One of our global clients use a financial software package to capture costs for services provided to their clients. Initial testing of an update to their collaboration software identified that an upgrade to the financial package was required to avoid conflicts between the two software products. CCM were engaged to work with internal staff and the 3rd party vendors to define and manage a project to develop and implement a new version of the financial software. The new solution would need to be compatible with both existing and emerging collaboration software.
CCM and the project team achieved the key success factor of the project – to upgrade a critical business application to resolve incompatibilities with other systems without impact to the business.
The following areas were particularly important to the success of the delivery:
1. Identify clear drivers for the work
It may be that vendor support is due to run out, an upgrade is required to resolve outstanding performance or functional issues, or there is a requirement to use new functionality. Identifying the driver will help to define the parameters of the project, setting clear objectives and benefits of the project and avoiding ‘scope-creep’.
2. Assess the size and complexity of the work involved
The technical, testing and management effort can vary significantly between a simple patch upgrade, a functional re-write and an architectural change of the product. Making this assessment early means that the timescale and level of resourcing required can be determined accurately and senior management expections can be set appropriately.
3. Understanding what is important to users and support teams in a software package is critical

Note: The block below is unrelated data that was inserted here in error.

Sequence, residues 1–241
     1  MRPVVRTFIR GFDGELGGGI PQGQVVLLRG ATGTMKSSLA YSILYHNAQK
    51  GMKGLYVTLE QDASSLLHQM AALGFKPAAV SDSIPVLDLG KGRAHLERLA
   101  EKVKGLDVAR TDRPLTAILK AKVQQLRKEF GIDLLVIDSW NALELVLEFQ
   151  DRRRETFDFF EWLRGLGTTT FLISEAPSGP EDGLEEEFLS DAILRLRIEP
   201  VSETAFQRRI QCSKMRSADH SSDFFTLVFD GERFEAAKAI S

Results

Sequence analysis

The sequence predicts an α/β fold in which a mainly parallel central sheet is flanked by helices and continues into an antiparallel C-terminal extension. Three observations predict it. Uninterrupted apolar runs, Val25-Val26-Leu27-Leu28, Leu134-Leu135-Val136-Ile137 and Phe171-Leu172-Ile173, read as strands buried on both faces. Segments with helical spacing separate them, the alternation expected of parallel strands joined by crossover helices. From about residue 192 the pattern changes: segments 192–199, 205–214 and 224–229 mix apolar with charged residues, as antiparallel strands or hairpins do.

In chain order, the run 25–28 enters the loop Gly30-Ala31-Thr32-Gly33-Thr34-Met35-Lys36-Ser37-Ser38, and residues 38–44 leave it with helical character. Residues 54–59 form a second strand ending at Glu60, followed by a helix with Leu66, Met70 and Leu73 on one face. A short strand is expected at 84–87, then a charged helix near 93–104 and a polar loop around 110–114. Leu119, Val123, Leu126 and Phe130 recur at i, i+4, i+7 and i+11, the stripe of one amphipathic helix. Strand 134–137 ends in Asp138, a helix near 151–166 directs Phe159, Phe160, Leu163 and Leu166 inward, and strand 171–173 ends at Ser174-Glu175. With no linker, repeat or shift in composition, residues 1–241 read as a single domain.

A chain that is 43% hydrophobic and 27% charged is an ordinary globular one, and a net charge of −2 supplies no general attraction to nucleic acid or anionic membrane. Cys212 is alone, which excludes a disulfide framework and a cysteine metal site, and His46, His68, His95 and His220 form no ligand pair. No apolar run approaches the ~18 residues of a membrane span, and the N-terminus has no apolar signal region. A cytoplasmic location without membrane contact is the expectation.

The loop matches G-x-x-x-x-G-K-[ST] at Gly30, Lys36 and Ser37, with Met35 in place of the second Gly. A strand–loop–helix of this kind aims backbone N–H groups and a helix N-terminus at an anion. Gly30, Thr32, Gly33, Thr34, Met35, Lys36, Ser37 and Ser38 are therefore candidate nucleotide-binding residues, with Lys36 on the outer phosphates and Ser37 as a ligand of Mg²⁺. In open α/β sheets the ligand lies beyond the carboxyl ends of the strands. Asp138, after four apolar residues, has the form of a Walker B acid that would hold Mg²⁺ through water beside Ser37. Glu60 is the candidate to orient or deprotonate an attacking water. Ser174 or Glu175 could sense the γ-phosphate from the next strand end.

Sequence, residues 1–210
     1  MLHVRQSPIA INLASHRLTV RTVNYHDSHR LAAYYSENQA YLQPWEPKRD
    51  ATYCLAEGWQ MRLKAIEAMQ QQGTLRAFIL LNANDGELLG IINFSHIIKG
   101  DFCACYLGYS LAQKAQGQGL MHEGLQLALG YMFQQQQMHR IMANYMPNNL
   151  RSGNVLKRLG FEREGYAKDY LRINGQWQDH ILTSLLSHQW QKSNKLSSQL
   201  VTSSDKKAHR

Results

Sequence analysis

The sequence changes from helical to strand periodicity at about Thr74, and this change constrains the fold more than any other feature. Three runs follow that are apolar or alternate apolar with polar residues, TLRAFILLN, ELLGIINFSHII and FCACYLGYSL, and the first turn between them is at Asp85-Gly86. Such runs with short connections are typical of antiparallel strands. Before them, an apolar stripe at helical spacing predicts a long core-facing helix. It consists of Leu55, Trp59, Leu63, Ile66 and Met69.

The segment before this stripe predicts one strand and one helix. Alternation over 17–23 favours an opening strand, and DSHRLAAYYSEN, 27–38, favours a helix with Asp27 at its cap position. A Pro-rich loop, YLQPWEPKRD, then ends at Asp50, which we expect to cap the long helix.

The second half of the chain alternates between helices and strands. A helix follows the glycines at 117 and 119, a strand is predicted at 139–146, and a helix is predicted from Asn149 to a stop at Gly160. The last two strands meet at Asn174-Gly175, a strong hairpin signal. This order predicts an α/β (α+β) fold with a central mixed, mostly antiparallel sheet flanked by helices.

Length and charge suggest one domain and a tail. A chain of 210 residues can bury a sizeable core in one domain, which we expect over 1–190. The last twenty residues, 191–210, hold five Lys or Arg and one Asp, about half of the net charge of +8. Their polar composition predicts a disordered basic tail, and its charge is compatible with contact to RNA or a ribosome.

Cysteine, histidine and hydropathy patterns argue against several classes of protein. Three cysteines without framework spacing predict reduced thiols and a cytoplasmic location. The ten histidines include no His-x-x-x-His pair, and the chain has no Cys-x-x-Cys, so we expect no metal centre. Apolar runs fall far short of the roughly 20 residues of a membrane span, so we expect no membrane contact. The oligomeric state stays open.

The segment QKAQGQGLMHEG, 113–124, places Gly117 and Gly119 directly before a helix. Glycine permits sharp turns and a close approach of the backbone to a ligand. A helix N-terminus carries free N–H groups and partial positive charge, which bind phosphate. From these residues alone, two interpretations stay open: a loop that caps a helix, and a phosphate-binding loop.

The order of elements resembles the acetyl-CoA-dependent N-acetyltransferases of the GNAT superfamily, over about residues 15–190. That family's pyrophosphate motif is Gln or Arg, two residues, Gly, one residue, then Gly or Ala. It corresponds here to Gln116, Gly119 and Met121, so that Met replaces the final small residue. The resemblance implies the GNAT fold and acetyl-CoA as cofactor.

It may be necessary to perform a full requirements analysis exercise to determine whether the software will meet the needs of the business or it may be more appropriate to perform a gap analysis between two versions of the software. This assessment aids the project team in determining the level of user change expected, helping to define the development, testing, training and user communication requirements.
4. Testing. Scoping the testing
Software can be deceptive. With only two user input screens, it could be suggested that a limited amount of testing would be required, however it is important to consider all input scenarios. Complications such as locale of user and language specific data entry, feeds to and from other systems, batch updates, synchronisation and operational requirements such as availability, reliability and performance should be considered. Except in very simple systems, it is unlikely that software can be fully tested and, therefore, a risk-based testing approach should be taken to include test coverage for the most likely user scenarios – as well as the most user impacting scenarios.
5. Resourcing the Test Phase
It is also important to use appropriate resources for testing. In this example we involved a specialist system testing team, piloting with end users, finance team and the operational team. In addition, testing of interfaces to other applications and services should not be forgotten.
6. User Communication
Key stakeholder groups and their needs should be identified so that their expectations can be managed. This is particularly important with software where functionality is removed, or new workarounds are required.
7. 3rd Party vendors
When dealing with 3rd party vendors it is important to build up a good working relationship. Building on clear, concise and relevant commercial documentation, using standard processes for development, testing, configuration, change and release management avoids many of the pitfalls of development projects and leads to a successful final delivery of the project. Keeping open regular communication channels ensures delivery schedules and quality expectations can be met.
Find out more
For more information on how to upgrade business critical financial software please email us.
This blog was originally posted on 6th October 2014 and was updated on 8th August 2016.